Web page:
Did you know that breastfeeding is good for mothers as well as babies? Women who breastfeed for as little as three months are 20 percent less likely to develop premenopausal breast cancer as women who artificially feed their babies from birth (Chilvers 1994). Breastfeeding is not merely a lifestyle choice, but an important health consideration for both mother and baby.
Though we have come a long way in our understanding of the benefits of breastfeeding, we still have much to learn. Breastfeeding is often overlooked as a simple way of reducing your risk of developing breast cancer. More and more clinical studies are pointing strongly toward the protective effect of breastfeeding against the development of breast cancer.
- A recent study found that women who nursed their babies had half the risk of breast cancer. Researchers found a direct relationship between the duration of breastfeeding, number of children, and the incidence of breast cancer. Breast cancer was reduced in both premenopausal and postmenopausal women who practiced extended breastfeeding. "The declining trend in fertility and lactation among Mexican women could lead to a major epidemic of breast cancer such as that observed in Western countries" (Romieu 1996).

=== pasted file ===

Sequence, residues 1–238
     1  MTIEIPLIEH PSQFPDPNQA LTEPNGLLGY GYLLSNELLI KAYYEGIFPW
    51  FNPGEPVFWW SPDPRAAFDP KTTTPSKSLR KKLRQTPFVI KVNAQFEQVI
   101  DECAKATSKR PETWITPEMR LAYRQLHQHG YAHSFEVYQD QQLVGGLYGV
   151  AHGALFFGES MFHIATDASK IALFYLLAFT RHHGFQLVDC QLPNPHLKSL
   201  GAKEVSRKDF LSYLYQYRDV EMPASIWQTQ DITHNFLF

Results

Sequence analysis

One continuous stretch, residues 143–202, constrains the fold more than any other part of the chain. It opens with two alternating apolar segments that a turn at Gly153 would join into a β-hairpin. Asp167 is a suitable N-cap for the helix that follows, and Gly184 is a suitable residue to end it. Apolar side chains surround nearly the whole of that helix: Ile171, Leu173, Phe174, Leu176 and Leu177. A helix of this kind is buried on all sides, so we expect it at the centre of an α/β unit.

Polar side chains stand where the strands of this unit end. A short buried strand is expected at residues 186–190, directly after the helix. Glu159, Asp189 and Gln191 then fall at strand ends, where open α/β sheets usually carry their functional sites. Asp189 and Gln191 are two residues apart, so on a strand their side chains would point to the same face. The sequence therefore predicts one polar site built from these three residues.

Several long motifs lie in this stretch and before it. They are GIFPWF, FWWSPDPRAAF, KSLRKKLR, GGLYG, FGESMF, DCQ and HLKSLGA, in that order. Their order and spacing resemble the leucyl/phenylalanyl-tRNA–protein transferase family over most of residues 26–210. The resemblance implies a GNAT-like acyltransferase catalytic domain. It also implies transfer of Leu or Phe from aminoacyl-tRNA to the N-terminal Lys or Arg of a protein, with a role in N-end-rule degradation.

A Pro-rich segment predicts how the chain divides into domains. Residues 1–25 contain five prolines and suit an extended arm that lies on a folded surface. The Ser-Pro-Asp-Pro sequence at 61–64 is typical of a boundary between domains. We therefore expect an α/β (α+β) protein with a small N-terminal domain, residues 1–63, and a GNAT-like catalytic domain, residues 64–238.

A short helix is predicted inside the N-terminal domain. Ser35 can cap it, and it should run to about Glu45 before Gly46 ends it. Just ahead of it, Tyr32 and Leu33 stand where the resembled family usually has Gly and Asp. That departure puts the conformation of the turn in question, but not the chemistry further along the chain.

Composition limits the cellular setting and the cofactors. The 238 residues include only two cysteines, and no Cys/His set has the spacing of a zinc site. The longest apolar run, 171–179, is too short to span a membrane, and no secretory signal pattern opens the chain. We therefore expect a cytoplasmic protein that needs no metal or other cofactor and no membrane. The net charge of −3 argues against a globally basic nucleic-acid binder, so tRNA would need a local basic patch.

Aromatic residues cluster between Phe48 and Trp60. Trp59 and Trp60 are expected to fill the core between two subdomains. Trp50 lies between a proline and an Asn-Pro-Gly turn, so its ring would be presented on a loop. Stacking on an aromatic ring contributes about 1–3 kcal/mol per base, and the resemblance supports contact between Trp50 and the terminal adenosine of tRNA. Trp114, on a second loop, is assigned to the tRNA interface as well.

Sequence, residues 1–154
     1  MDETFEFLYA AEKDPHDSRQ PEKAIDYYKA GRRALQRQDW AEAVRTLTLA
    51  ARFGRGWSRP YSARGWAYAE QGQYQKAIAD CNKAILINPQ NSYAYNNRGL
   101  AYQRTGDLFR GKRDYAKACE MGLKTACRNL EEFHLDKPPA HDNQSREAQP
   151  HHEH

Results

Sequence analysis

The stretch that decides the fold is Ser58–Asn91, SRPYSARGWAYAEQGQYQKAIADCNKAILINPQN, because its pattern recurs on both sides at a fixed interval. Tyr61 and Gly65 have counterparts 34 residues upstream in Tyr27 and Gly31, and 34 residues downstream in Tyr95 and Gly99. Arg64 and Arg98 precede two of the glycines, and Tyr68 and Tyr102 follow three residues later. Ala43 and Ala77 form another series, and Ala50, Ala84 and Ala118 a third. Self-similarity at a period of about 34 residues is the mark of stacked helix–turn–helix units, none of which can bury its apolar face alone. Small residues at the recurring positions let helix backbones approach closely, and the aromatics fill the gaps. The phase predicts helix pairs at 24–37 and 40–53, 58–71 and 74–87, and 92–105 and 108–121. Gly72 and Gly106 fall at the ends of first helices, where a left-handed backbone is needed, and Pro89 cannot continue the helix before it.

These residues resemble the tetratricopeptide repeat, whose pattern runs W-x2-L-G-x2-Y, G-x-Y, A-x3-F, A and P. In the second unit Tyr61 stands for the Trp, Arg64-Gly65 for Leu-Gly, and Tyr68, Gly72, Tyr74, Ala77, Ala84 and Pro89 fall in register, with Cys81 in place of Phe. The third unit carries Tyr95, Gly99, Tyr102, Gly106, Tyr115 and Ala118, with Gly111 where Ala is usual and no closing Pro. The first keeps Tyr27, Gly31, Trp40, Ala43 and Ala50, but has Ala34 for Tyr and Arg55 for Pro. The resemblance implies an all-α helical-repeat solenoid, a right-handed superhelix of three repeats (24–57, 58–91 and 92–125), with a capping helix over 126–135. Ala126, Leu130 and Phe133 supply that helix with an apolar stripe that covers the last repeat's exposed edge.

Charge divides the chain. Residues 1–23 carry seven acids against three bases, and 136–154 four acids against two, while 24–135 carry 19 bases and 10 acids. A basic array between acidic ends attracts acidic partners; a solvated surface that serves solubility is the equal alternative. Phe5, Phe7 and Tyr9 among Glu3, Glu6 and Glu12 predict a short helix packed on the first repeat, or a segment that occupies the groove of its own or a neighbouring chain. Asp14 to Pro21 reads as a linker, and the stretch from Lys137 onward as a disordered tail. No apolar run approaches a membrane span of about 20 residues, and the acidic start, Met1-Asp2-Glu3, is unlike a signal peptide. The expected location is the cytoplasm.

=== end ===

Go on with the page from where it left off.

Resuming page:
- An article published in the New England Journal of Medicine concluded that if all mothers nursed for a total of two years, the incidence of breast cancer in the U.S. would be reduced by 25 percent. If women who do not breastfeed, or who breastfed for less than three months, would nurse for between four and twelve months, breast cancer among premenopausal mothers could be reduced by 11 percent. Researchers studied women who have never nursed, as well as those who nursed for varying lengths of time. The authors write, "An increasing duration of lactation was associated with a statistically significant trend toward a reduced risk of breast cancer" (Newcomb 1994).